Gerhard Richter, Abstraktes Bild, 1990 (est. £5-7 million, realized £7.2 million ), via Sothebys.com
February’s Contemporary Art auctions began Tuesday night at Sotheby’s London. The auction house offered fifty-nine lots (a work by Anslem Kiefer was withdrawn) with a presale estimate of £30-43 million. The sale just beat its high estimate, raising £44.4 million with a 91.5% sell-through rate by lot and 95% by value. Sotheby’s noted that this is the strongest sell-through rate they’ve had in several seasons and that combined with the Contemporary offerings at the “Looking Closely” sale last week, the auction house has sold £88.2 million worth of Contemporary art in 2011 thusfar, making it the most successful Contemporary sales season at Sotheby’s London since July 2008.
Tobias Meyer standing in front of Andy Warhol‘s Marilyns at Sotheby’s London, via Art Observed
more images and story after the jump…
The evening’s top two lots were, as expected, an abstract work by Gerhard Richter and a series of Andy Warhol’s Marilyns. Unexpected was the protest that broke out in the auction house, apparently staged by angry art students. With bidding just starting on the Warhol, alarms went off as several young men and women started moaning while throwing stacks of photocopied £50 notes into the audience. A few of them unfurled a red fabric sign that read “Orgy of the Rich.” Sotheby’s declined to comment on the brouhaha.
Just behind the Warhol was Juan Muñoz‘s Conversation Piece, which brought in nearly three times its high estimate when it sold for £3.1 million. The other two Muñoz sculptures for sale Tuesday evening found buyers for prices within presale estimates. The auction house attributed the solid performance of these works at least in part to the fact that they had lengthy stays in a museum, having all been on long term loan to the Neues Museum Weserburg in Bremen, Germany before their inclusion in the sale.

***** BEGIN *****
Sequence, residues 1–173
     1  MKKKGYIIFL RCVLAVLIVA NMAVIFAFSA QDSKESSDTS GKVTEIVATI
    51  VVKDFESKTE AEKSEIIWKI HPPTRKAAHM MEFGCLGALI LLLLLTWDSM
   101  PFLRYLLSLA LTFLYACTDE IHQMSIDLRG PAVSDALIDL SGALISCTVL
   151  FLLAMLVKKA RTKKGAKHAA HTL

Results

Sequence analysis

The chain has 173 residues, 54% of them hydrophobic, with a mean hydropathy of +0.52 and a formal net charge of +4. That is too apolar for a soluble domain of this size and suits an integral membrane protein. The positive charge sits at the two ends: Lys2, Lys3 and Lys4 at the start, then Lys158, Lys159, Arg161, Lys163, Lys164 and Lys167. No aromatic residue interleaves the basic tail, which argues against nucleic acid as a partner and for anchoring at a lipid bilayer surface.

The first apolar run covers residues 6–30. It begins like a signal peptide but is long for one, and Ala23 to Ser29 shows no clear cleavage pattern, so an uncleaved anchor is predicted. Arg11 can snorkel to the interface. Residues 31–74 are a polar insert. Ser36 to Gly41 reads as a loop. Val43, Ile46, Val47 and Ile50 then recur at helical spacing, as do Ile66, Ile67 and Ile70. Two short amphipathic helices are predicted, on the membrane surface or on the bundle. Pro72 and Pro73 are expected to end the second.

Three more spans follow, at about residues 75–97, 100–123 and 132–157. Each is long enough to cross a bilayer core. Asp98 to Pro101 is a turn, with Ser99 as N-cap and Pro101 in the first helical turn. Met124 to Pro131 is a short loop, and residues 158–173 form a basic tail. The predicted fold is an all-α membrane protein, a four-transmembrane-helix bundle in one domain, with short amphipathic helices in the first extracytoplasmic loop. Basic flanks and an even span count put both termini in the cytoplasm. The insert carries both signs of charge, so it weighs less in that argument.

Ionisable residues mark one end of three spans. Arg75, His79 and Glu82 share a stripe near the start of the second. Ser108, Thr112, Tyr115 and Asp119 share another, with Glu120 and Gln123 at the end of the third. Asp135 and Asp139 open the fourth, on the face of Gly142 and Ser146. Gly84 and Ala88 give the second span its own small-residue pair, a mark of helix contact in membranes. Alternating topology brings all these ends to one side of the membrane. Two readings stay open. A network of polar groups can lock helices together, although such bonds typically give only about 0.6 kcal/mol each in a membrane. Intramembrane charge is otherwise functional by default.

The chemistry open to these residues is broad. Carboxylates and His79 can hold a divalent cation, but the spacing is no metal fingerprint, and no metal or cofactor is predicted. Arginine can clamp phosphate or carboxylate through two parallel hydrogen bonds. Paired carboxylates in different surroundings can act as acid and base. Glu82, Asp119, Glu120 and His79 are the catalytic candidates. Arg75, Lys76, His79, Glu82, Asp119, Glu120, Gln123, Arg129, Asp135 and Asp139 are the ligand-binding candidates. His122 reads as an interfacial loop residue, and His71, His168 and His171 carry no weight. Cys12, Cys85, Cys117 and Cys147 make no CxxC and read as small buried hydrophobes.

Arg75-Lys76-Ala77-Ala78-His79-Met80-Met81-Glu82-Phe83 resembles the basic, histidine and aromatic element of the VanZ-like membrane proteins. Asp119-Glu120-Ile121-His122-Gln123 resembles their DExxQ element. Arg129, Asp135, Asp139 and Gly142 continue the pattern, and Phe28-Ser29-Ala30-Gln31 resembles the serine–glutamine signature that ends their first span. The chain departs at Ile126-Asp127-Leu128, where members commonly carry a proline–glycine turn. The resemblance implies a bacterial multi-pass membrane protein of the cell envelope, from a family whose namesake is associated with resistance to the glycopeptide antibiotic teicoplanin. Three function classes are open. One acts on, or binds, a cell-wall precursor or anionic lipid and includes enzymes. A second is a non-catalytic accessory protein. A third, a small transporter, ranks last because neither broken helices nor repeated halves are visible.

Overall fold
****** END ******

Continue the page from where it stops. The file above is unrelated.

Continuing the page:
The first lot offered was a 100 kilogram pile of handmade sunflower seeds by artist and political activist Ai Weiwei. The seeds, which are like those on view at the Tate Modern, sold for £349,250 against a high estimate of £120,000. The work consists of about 100,000 seeds, making each individual seed worth about £3.50.
Three artist records were set. A rare-to-market Franz Gertsch sold for £1.5 million against a high estimate of £700,000 and set the auction record for the artist. Sotheby’s noted that the last time a Gertsch was at auction was in 1974. Most of the artist’s work resides in museums, in the hands of private collectors, and with the artist himself, explaining the demand for this photorealistic portrait of Luciano Castelli. The work was sold by the Neues Museum Weserburg in Germany.
Records were also set for Gary Hume and Yinka Shonibare. Hume’s Water Painting (Lilac) beat presale estimates when it sold for £241,250, and the sale of Shonibare’s Lady on a Unicycle for £91,250 topped the 2008 record for the artist of £84,161 set at Sotheby’s New York.
Lucio Fontana saw mixed results. Three works by the Argentine founder of Spatialism were offered on Tuesday. One beat its high estimate of £1.2 million while the other two were bought in. Works by Chris Ofili, Anish Kapoor, and Larry Rivers also failed to find buyers.
Tonight’s sale drew bidders from twelve different countries. By lot, 51% percent of buyers came from Europe/UK (including Russia), 28% from the United States, 11% from Asia, and 11% from the rest of the world. The Contemporary art auctions continue tomorrow night at Christie’s London. Check back for results.